Often referred to as the “energy of the future,” hydrogen’s minimal carbon emissions serve as a clean alternative to traditional natural gas. Hydrogen is the most abundant element in existence, making up 75% of the known universe, and while it’s essential for life, its pure gas state is very scarce on earth —making up less than one part per million by volume. Rather, it is usually paired with another element to form compounds such as water or natural gas.
So, why is hydrogen critical to a cleaner future? As it stands, the world primarily uses natural gas to generate electricity to provide power to our homes, businesses, for heating and cooking, and for industrial processes. Natural gas is easily obtainable, highly affordable and much cleaner than coal. When we burn natural gas, we create energy, but we also release carbon dioxide into the atmosphere. This greenhouse gas leads to further climate change issues, warming our atmosphere which is not sustainable for the long-term. However, by using hydrogen for power generation, the only byproduct is 100% pure water vapor.
Natural gas is the main resource used in producing hydrogen, representing a significant portion of the yearly hydrogen production in the world. It can be made many different ways, using a number of different resources, ranging from natural gas to water. The lifecycle emissions can be further reduced by using low carbon power such as nuclear or renewables like hydro, solar and wind power. Although it’s available in many forms, the challenge to unlocking its full potential stems from the costs associated with the technology and the infrastructure buildout to produce, store and deliver hydrogen to end users.
Blue hydrogen vs. green hydrogen
There are two primary classifications of low- to zero-carbon hydrogen, commonly referred to as “blue” hydrogen and “green” hydrogen. They are differentiated based on the way they are produced.
Blue hydrogen is created by extracting hydrogen from natural gas and utilizing carbon capture, use and sequestration (CCUS). The most common methods are steam methane reformation and autothermal reforming. Approximately 95% of the world’s hydrogen is made using natural gas in a reforming process, a subset of which employs CCUS technology and is classified as blue. Blue hydrogen still produces carbon dioxide so it requires use of CCUS techniques to significantly reduce CO2 emissions. However, the most recent federal hydrogen production tax credits provide a boost to the economics of blue hydrogen with a credit of up to $1 per kilogram for projects with lifecycle greenhouse gas emissions rate between 0.45 kg – 1.5 kg.
Green hydrogen uses electricity to split water into separate hydrogen and oxygen molecules through a process called electrolysis. Green hydrogen has many sustainability benefits, as it has low waste and no carbon byproducts. A challenge with green hydrogen is the cost and resources required to produce it on a large scale. However, the recent federal hydrogen production tax credits provide a significant boost to the economics of green hydrogen with a credit of up to $3 per kilogram. This form of hydrogen can be produced and stored when renewable energy is available and the hydrogen is subsequently used to generate electricity when renewables are not available.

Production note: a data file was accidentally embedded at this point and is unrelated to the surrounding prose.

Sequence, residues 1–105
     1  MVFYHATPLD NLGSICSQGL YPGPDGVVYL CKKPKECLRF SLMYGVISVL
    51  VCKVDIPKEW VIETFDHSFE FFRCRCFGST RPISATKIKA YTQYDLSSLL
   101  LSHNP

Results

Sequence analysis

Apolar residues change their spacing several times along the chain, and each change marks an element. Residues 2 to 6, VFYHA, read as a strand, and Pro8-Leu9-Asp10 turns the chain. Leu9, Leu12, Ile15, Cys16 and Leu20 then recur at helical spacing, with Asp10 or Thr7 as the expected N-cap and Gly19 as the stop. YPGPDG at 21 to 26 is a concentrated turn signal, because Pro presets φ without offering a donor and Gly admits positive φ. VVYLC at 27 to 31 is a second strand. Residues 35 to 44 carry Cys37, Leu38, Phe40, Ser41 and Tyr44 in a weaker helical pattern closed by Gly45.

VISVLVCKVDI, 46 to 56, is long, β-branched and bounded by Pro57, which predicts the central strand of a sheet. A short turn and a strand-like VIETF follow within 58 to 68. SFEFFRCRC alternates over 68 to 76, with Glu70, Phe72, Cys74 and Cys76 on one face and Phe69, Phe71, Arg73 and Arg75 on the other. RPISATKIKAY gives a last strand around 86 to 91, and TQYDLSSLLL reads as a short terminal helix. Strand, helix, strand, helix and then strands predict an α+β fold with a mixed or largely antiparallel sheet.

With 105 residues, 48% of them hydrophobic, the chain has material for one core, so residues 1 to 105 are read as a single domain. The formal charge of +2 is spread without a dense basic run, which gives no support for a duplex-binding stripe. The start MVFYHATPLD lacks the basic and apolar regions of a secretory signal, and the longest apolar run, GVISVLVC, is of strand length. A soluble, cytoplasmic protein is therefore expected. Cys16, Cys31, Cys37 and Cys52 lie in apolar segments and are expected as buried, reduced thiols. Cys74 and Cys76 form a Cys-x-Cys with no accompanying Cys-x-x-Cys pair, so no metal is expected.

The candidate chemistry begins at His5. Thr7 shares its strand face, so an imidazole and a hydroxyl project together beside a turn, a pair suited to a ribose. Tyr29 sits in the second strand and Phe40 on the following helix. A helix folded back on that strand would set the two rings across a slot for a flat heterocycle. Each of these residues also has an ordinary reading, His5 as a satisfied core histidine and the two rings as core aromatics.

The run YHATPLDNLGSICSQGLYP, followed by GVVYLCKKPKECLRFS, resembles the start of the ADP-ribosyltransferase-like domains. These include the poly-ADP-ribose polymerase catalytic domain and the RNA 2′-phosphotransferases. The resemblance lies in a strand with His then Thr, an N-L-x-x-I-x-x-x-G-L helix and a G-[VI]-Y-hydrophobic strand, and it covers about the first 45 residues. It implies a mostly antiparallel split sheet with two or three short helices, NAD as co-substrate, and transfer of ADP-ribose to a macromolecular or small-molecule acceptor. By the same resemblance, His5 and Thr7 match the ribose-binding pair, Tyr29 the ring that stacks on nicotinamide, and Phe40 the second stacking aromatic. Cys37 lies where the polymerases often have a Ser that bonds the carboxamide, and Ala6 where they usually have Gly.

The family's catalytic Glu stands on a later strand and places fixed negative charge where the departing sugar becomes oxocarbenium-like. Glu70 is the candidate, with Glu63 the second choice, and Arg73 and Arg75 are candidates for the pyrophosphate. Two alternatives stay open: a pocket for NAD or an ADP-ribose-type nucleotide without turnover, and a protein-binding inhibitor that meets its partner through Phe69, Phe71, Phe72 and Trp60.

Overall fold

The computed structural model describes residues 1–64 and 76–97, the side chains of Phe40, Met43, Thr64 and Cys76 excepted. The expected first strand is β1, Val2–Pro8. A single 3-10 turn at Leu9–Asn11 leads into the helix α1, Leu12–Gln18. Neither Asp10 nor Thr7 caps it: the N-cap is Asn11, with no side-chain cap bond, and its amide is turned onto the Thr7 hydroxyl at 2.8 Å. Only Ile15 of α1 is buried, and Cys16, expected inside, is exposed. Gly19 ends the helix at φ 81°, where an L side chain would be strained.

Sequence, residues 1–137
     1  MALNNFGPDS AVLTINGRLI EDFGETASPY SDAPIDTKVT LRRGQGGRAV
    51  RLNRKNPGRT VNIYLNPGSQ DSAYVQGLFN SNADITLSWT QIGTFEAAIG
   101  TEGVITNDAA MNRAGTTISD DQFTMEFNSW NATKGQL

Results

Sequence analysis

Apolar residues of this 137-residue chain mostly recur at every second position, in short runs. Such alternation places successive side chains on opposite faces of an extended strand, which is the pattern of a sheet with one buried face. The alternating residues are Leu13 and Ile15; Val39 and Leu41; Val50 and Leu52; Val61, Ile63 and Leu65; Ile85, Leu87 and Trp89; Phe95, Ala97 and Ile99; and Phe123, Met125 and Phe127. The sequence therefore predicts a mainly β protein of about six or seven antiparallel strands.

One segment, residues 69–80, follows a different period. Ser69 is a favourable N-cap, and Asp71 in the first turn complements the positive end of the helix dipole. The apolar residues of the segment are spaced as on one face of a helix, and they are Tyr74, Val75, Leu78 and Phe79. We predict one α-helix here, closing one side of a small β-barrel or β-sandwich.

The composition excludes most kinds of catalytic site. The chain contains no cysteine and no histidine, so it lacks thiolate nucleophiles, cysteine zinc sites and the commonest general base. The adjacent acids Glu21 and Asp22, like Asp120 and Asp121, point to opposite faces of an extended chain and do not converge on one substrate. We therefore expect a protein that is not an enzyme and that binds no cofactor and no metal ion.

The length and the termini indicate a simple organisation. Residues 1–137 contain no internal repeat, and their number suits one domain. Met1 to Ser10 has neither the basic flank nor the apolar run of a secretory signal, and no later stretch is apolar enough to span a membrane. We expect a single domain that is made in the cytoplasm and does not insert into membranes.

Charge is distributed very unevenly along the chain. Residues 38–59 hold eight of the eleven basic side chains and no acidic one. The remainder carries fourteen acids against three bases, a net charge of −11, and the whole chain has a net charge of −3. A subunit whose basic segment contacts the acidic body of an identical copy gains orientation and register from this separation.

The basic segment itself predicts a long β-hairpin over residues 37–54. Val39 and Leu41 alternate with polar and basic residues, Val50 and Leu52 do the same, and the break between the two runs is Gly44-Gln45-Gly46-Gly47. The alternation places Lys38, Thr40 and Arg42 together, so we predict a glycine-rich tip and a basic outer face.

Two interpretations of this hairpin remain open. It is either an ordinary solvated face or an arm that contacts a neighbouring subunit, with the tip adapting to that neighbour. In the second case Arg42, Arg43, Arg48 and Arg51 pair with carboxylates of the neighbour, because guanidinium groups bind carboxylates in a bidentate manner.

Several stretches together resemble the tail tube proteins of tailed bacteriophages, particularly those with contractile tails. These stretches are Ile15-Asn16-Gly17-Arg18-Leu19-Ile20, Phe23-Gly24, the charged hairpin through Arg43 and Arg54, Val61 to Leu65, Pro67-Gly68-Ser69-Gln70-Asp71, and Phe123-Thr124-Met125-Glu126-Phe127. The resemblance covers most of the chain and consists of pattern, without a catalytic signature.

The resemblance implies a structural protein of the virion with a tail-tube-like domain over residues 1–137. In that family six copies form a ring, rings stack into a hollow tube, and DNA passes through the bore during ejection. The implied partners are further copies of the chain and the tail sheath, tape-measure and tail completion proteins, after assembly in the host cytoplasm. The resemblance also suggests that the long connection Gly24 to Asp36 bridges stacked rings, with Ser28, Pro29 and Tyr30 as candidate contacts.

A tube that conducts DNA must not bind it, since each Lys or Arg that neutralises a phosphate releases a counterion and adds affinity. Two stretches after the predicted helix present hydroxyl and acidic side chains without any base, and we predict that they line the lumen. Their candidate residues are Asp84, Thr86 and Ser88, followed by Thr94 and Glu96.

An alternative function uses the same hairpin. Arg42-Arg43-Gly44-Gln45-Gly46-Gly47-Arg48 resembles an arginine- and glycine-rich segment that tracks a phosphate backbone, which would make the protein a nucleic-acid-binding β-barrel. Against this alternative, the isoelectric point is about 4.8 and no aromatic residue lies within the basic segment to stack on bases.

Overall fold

How is hydrogen being used today?
Hydrogen is a feedstock for many users in heavy industry, including oil refineries, steel manufacturing fertilizer manufacturing and chemical manufacturing. It is also an option as a fuel for fuel cell vehicles. There are a handful of companies already using hydrogen power in their operations, including fleets of hydrogen-powered delivery vehicles, which can drive hundreds of miles on a single tank. Countries worldwide are adopting hydrogen technology and building critical infrastructure to support this emerging power source.
The future of hydrogen is here
Although it is exciting, tapping into this power source is a massive undertaking, and will require collaboration, commitment and discipline to use this technology to help us achieve our commitment to Net Zero by 2050.
Entergy’s territories are primed and ready to handle the needs of the ever-expanding hydrogen industry. There is a range of hydrogen-ready facilities, an expansive pipeline delivery network, hydrogen storage capacity and future-focused industrial customers within our footprint. In fact, a significant portion of the nation’s existing hydrogen infrastructure (production, storage, and transportation) in the United States today is within or near Entergy’s service territory along the US Gulf Coast. Throughout Entergy’s region, organizations are leading the way in the new era of low-to-zero carbon energy production. These companies are equipped with a skilled workforce and technology to adapt to the next generation of clean energy.
Entergy’s commitment to cleaner power
Now, more than ever, we’re committed to leveraging these advantages and elevating our position as a global force in the energy sector. Entergy is exploring the use of hydrogen as a solution for cleaner power generation and using our diverse power generation portfolio of increasingly carbon-free energy sources to help us and our customers achieve sustainability objectives. Together, with our customers and partners, we’re helping to create a cleaner, more resilient energy future for everyone.